The UA 50 is a max cushion shoe with a bootie construction geared towards the ultra running crowd. There is no Michelin rubber outsole, and the upper looks much more breathable than the BPF1. I’m not a huge fan of max cushion shoes, but I know some of my readers are. Shoes with a bootie construction (ie Salomon XA Enduro) have not worked well for me in the past. They tend to give me a heel slip and stretch out over time. It will be interesting to see if UA has a better implementation on this shoe.
20.) Skechers GoRun Maxtrail 5 Ultra
$120 – 10.6oz – 4mm drop – July 2018
The Skechers GoRun Maxtrail 5 Ultra is another well cushioned shoe. The Maxtrail 5 utilizes a seamless sock-like upper that felt great in hand. The upper has a drainage system under the insole that pushes water out through holes in the midsole. The outsole has a nice lug pattern with two rubber compounds to provide grip and durability. I’m really looking forward to getting my feet into a pair of these.
21.) Vivobarefoot Primus Trail Otillo Swimrun
$160 – 10.6oz – 0mm drop – Available Now
Moving away from the max cushioned models, I’m excited for the return of a minimal option to this list! It’s been a long time. The Vivobarefoot Primus Trail series has been around for a while, but this year added the Otillo Swimrun model. The Otillo Swimrun series is an endurance event that started in Sweden. It involves…you guessed it…swimming and running. Otillo has partnered with Vivobarefoot to provide a shoe that can move in and out of the water without missing a beat. These shoes are made to drain and dry quickly, allowing athletes to run in and out of water. The Vivobarefoot Otillo is very similar to the Primus Trail FG, but has an upper optimized for water sports. This is the most minimal shoe on this list, and the perfect shoe for those wanting maximum ground feel.
22.) Astral TR1 Mesh
$125 – 9.8oz – 0mm drop – Available Now
Astral is a brand new company to this list. This company was started in 2002 building life jackets and water shoes. Their new TR1 series of shoes has Astral primed to start growing in the hiking community. Built on a zero drop platform with a wide toe box, a midsole with a top shank, and a wet surface ready outsole, there’s a lot to like about the TR1. The TR1 comes in a Mesh model, as well as the canvas upper TR1 Junction, and burly TR1 Trek.
23.) Oboz M-Trail Low
$120 – 14.3oz – 8mm – Jul 2018
The Oboz M-Trail Low is a shoe that caught my eye as soon as I walked by it at Outdoor Retailer. The look and feel of the M-Trail upper had me thinking it was an approach shoe, but the dual density midsole made it look like a great hiker as well. Oboz is a company based out of Montana that’s fairly well known in the hiking community for their quality footwear. You can also feel good when buying a pair of shoes from Oboz knowing that they plant a tree for every pair of shoes they sell. Oboz uses wind power for their headquarters, carbon-offsets their shoe shipments, and donates all unsellable footwear to Project Sole. This is a model more companies need to follow.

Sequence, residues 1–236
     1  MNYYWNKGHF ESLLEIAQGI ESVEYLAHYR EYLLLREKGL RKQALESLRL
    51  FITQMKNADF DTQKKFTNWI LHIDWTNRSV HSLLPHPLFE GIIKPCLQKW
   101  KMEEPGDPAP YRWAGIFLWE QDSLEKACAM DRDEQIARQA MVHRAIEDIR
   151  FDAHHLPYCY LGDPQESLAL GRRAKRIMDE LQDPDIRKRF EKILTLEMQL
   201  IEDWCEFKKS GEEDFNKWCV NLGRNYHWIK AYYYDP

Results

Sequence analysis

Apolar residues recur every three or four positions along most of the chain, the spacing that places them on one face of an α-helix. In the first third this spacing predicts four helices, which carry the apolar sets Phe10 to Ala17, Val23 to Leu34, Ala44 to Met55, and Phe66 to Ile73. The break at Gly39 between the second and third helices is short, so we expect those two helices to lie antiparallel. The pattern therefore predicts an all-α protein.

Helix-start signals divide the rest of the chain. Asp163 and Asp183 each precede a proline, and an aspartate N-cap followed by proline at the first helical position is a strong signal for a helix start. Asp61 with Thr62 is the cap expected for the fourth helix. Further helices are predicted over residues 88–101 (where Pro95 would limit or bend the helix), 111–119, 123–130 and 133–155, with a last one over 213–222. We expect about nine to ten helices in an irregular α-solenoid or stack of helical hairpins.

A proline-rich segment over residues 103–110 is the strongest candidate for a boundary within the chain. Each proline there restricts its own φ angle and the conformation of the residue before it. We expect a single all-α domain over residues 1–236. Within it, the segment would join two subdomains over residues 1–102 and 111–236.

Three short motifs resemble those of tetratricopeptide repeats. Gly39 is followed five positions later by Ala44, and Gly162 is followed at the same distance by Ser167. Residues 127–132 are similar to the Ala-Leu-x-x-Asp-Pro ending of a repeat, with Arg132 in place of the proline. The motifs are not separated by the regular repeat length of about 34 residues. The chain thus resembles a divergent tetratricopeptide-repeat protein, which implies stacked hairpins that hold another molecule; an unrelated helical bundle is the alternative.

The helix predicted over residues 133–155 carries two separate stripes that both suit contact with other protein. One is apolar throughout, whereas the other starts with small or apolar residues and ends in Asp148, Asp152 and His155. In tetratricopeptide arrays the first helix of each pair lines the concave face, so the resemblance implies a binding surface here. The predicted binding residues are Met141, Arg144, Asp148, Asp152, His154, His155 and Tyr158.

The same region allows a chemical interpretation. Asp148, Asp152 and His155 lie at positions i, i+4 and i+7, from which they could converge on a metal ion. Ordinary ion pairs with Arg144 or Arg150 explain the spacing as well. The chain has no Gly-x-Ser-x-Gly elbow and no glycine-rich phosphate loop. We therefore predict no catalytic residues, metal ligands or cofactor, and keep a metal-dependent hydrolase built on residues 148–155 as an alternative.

24.) TOPO Runventure 2
$110 – 9.2oz – 0mm drop – Available Now
TOPO is a pretty new company that has been making serious inroads in the running and hiking community. TOPO is known for their anatomical foot-shaped lasts, and their focus on encouraging better running through natural foot and body movement. TOPO released the Terraventure last year, and I’ve read a lot of great things about it. This year, TOPO is releasing the Runventure 2, a 0-drop trail shoe with an EVA midsole and high traction outsole. I will be reviewing both the Runventure 2 and Terraventure in the first half of 2018.
25.) Brooks Cascadia 13
$130 – 11.9oz – 10mm drop – June 2018
The final shoe on my list here is the venerable Brooks Cascadia. Now on it’s 13th edition, the Cascadia has fallen out of favor with many hikers and trail runners, but there are still those that love it. I’ve always found the Cascadia to be too narrow up front, too narrow in the midfoot, and wobbly underfoot. It doesn’t look like much has changed for the Cascadia 13, so that should be welcome news to those of you that love this shoe. The upper looks to be the biggest update over the Cascadia 12. The midsole with a ballistic rock shield and the 4-pivot system outsole look unchanged.
Bonus: Salomon Wings Pro 3
Price TBD – Weight TBD – Drop TBD – 2018???
My final shoe on this list is a bonus item because I can’t find any information on it! So far, this shoe has only popped up on European sites. I have wondered what Salomon will do with the SLAB Wings line, and these pictures of the Wings Pro 3 have given me my answer. The Wings Pro 3 looks just like the SLAB Wings and SLAB Wings 8. Salomon appears to be burying the traditional Wings Pro and replacing it with a non-SLAB version of the Wings 8. Look at the Wings and Wings 8 and tell me if you can spot any differences. I can’t. I still wear my Wings and Wings 8 a lot, so I hope the Wings Pro 3 come to the US.
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24 thoughts on “25 Most Exciting Trail Running And Lightweight Hiking Shoes for 2018”